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Health-care professionals address diversity

Dr.+Ermal+Aliu+%28center+right%29+from+UPMC+Children%E2%80%99s+Hospital+speaks+about+the+importance+of+a+common+language+between+health-care+providers+and+patients+at+Wednesday+night%E2%80%99s+%E2%80%9CCultural+Awareness+in+Health+Systems%E2%80%9D+event.%0A
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Health-care professionals address diversity

Dr. Ermal Aliu (center right) from UPMC Children’s Hospital speaks about the importance of a common language between health-care providers and patients at Wednesday night’s “Cultural Awareness in Health Systems” event.

Dr. Ermal Aliu (center right) from UPMC Children’s Hospital speaks about the importance of a common language between health-care providers and patients at Wednesday night’s “Cultural Awareness in Health Systems” event.

Andrew O’Brien | Staff Writer

Dr. Ermal Aliu (center right) from UPMC Children’s Hospital speaks about the importance of a common language between health-care providers and patients at Wednesday night’s “Cultural Awareness in Health Systems” event.

Andrew O’Brien | Staff Writer

Andrew O’Brien | Staff Writer

Dr. Ermal Aliu (center right) from UPMC Children’s Hospital speaks about the importance of a common language between health-care providers and patients at Wednesday night’s “Cultural Awareness in Health Systems” event.

By Andrew O’Brien, Staff Writer

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Bhutanese refugee Ashok Gurung left government persecution behind when he came to Pittsburgh, but his trauma stayed with him.

At the Cultural Awareness in Health Systems workshop Wednesday, Gurung, a chairperson in his mid-30s on the board of directors of the Bhutanese Community Association of Pittsburgh, opened up to the audience about the severe anxiety he experienced when he first came to Pittsburgh in 2009. Gurang said his psychological symptoms manifested as a sensation of physical pain all over his body.

“Refugees are often in pain,” Gurung said. “The doctors don’t know what’s wrong with them, but the reality is they have mental health issues.”

Gurung was one of several speakers hosted through a partnership between Pittsburgh-based immigrant inclusion initiative All For All and the Pittsburgh branch of the Whitetulip Health Foundation, a nonprofit that connects health-care professionals who want to serve their community.

The doors to the Allegheny Health Network Center for Inclusion Health opened at 5:30 p.m. When the organizers called the meeting to order, about 40 community members sat in a semicircle of assembled chairs and waited for the speakers to begin.

After Gurung shared his experiences with health care in Pittsburgh, Stephanie Dewar, a pediatric hospitalist at UPMC Children’s Hospital, shared her insights on cultural awareness in medicine. Pittsburgh is one of the least diverse cities in the nation, according to a 2015 study by financial consulting company WalletHub — but Dewar said she has seen a significant increase over time in the diversity of her patients.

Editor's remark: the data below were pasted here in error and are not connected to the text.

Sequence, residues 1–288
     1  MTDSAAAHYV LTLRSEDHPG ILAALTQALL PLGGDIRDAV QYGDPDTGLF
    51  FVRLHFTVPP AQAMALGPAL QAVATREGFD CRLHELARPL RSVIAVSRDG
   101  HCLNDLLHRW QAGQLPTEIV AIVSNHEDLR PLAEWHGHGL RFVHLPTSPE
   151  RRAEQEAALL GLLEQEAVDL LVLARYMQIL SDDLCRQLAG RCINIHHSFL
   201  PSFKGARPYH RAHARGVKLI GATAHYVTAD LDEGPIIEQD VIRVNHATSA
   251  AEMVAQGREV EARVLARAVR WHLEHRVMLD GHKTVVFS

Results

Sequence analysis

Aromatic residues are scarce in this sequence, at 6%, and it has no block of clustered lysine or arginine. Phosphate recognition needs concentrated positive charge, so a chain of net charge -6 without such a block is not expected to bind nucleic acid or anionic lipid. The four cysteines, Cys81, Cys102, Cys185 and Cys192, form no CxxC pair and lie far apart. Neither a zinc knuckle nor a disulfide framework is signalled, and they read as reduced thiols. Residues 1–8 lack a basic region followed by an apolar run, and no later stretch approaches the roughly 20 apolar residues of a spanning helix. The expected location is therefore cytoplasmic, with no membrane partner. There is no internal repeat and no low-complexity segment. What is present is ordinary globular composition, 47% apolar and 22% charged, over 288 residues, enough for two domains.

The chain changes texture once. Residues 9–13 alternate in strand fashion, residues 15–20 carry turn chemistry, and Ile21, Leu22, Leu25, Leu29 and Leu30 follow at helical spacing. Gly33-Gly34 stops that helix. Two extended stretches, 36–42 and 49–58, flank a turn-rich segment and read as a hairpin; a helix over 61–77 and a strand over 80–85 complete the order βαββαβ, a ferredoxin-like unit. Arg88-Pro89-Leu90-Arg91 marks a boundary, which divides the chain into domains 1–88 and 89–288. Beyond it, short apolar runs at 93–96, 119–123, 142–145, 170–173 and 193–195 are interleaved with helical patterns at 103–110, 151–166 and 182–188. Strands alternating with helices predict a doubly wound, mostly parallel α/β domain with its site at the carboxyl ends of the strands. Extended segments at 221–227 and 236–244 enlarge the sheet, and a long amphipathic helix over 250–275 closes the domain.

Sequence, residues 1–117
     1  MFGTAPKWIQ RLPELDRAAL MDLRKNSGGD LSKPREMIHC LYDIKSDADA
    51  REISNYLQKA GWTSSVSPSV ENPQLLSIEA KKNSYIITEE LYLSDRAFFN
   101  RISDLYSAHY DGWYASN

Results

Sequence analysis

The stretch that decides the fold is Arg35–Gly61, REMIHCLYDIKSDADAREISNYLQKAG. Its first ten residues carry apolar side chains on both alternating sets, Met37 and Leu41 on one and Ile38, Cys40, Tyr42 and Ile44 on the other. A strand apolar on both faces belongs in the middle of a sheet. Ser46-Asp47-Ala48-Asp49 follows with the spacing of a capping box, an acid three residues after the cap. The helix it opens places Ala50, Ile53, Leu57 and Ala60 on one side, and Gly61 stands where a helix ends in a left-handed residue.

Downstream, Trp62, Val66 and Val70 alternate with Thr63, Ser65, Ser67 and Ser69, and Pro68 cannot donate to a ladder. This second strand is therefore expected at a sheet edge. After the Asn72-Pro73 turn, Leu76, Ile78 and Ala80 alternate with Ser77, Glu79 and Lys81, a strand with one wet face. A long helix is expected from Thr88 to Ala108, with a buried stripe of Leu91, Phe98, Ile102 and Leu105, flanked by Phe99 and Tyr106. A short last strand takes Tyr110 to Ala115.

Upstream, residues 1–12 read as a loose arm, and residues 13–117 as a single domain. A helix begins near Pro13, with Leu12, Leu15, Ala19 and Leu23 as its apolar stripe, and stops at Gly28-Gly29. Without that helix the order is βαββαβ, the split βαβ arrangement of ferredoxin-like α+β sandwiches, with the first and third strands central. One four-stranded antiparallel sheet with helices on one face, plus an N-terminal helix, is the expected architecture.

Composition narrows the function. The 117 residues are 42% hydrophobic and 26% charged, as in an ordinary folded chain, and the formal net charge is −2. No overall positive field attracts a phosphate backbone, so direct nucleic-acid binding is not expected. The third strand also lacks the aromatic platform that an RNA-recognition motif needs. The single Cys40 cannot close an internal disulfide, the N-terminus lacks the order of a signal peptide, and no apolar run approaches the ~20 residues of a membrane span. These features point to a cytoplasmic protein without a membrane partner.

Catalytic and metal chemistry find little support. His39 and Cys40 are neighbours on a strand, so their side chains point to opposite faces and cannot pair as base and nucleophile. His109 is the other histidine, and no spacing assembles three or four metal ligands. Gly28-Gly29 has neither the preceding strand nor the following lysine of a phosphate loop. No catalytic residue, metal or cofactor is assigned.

“The large number of immigrants and refugees that we support in this area is really quite impressive,” Dewar said. “It’s not something I remember about Pittsburgh from growing up. It makes me proud to be from here.”

Dewar said health-care providers and patients both have a lot of room to improve in their understanding of the cultural context others come from. Lack of cultural awareness is an issue, but Dewar said there are also instances of blatant bias.

“Pittsburgh is a very welcoming community overall,” Dewar said. “[But] some of our trainees have experienced some bigoted and hateful conversations with patients and families who are not as interested in making a real effort to coexist with people who look different than they look.”

In one such incident, a parent refused to allow a doctor to care for her child because the doctor was Muslim. The hospital’s administration responded to this incident and others like it by training residents on how to respond to xenophobic comments and sentiments.

After she spoke, Dewar moderated a panel discussion between three other health-care professionals. One of the panel members, Dr. Ermal Aliu of UPMC Children’s Hospital, emphasized the need for trust and bonding between providers and culturally diverse patients.

“[If a patient’s health-care provider] speaks their language, that’s better than just knowing someone has medical knowledge or a degree,” Aliu said. “Human interaction cannot be replaced with a piece of paper.”

This kind of provider-patient connection is important to Kiya Keili, All for All’s health and food access coordinator. Keili moved to the United States from Sierra Leone and joined All in All in part because she admired the work it does to make immigrants like her feel welcome in Pittsburgh.

“Even with female physicians, there are some things that in my culture I’m not comfortable talking about,” Keili said. “Instead of just delving right into the health issue, [I appreciate] getting to know me as a person first, so I feel more comfortable talking to the physician about issues I might have.”

Stephanie Miller, a second-year resident at Forbes Family Medicine and a woman of color, has personally experienced racial insensitivity in a medical context — for instance, people have assumed she is a member of the cleaning crew instead of a professional health-care provider. Miller said attending the workshop made her realize how much of the medical community is interested in becoming more culturally aware and providing better care to diverse patients.

“People already say our health-care systems don’t work, but refugees and immigrants have to deal with extra barriers on top of that,” Miller said. “Providers owe it to their patients to make change.”

 

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Health-care professionals address diversity